Beetle Life Cycle & Grub Sexing

Basic beetle life cycles for stag, rhino and flower beetles.

Most beetles have a hugely fascinating life cycle. Some species have a very short life cycle and reproduce fast others have a very long grub stage. The basic principles are that the beetles lay eggs generally in the substrate or within rotting logs. These eggs hatch out and the grubs develop. Grubs go through 3 main development stages named L1, L2 and L3. Grubs then form a cocoon using the substrate and any other materials around them to create a protective bubble to pupate in. This can sometimes be found attached to logs, sides of enclosures or onto other cocoons. It is important not to open these or move them around when the grub is developing.

Rough Grub Sexing

Figuring out the sex of your grub before they pupate isn't the easiest job in the world. Firstly grubs generally don't like to participate in the fondling that is required, they can bite, they are normally covered in soil and finally you will need a to wait until the grub is at L3 stage before this is possible.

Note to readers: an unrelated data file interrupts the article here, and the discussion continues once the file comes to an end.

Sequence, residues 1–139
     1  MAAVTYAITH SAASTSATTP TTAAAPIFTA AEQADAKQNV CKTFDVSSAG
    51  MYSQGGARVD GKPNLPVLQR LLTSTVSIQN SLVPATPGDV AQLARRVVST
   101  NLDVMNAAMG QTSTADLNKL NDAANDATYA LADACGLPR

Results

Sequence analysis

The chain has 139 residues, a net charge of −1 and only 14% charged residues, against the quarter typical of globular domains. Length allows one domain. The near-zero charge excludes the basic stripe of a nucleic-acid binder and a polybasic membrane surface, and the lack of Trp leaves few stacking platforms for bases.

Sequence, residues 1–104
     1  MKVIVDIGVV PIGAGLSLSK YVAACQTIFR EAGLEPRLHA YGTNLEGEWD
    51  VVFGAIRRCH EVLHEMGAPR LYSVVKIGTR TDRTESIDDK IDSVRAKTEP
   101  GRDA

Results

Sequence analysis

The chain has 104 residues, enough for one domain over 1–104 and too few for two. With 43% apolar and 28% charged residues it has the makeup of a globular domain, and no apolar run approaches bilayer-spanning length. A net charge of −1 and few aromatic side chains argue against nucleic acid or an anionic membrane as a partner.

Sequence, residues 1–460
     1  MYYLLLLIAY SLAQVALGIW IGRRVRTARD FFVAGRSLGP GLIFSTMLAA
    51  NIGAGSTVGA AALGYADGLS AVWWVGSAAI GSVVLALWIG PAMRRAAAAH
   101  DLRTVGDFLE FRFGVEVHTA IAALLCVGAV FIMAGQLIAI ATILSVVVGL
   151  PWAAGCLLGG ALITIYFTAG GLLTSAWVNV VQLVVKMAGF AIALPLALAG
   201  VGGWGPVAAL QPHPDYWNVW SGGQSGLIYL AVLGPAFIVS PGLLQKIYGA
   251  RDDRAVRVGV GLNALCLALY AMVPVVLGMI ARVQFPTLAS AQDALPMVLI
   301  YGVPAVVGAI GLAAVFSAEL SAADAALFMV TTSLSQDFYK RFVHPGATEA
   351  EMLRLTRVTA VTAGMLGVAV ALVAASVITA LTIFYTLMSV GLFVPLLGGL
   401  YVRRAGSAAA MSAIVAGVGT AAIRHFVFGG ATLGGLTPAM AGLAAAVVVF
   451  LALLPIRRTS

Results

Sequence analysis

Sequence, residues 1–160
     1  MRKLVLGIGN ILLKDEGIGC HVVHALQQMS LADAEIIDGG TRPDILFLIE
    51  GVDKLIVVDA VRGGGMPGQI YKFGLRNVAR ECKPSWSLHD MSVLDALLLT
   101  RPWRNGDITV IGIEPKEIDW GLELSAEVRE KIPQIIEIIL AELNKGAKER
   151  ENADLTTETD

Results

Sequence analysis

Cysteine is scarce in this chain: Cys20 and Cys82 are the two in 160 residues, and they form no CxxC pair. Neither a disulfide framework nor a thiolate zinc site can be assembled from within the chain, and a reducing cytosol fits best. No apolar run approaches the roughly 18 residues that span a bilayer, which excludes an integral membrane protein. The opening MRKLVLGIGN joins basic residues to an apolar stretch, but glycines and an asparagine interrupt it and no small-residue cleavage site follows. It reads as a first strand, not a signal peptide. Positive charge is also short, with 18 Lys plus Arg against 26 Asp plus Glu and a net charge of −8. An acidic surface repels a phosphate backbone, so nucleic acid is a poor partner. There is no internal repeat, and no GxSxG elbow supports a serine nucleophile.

To sex a grub, you will need to hold the grub so that is underside is showing. Be careful as they will try and bite you at this stage.

Look for a single dark black dot in the centre of the lower segments. This can often be mistaken for hair, however once you trains your eyes to its location it will be easier to find.

A black dot means that your grub is male.